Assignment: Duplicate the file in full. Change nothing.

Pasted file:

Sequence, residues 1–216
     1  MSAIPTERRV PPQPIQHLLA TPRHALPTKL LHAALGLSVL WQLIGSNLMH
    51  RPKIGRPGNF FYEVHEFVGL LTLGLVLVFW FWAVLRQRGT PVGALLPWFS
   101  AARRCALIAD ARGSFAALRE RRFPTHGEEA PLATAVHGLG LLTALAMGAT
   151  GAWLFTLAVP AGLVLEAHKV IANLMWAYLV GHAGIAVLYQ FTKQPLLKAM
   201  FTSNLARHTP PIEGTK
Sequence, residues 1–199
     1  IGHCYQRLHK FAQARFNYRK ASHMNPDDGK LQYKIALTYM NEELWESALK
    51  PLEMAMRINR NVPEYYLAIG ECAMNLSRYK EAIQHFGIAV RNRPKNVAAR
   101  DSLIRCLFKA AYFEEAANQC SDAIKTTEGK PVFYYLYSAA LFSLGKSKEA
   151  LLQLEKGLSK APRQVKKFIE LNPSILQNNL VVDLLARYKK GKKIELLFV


Sequence, residues 1–216
     1  MSAIPTERRV PPQPIQHLLA TPRHALPTKL LHAALGLSVL WQLIGSNLMH
    51  RPKIGRPGNF FYEVHEFVGL LTLGLVLVFW FWAVLRQRGT PVGALLPWFS
   101  AARRCALIAD ARGSFAALRE RRFPTHGEEA PLATAVHGLG LLTALAMGAT
   151  GAWLFTLAVP AGLVLEAHKV IANLMWAYLV GHAGIAVLYQ FTKQPLLKAM
   201  FTSNLARHTP PIEGTK
Sequence, residues 1–199
     1  IGHCYQRLHK FAQARFNYRK ASHMNPDDGK LQYKIALTYM NEELWESALK
    51  PLEMAMRINR NVPEYYLAIG ECAMNLSRYK EAIQHFGIAV RNRPKNVAAR
   101  DSLIRCLFKA AYFEEAANQC SDAIKTTEGK PVFYYLYSAA LFSLGKSKEA
   151  LLQLEKGLSK APRQVKKFIE LNPSILQNNL VVDLLARYKK GKKIELLFV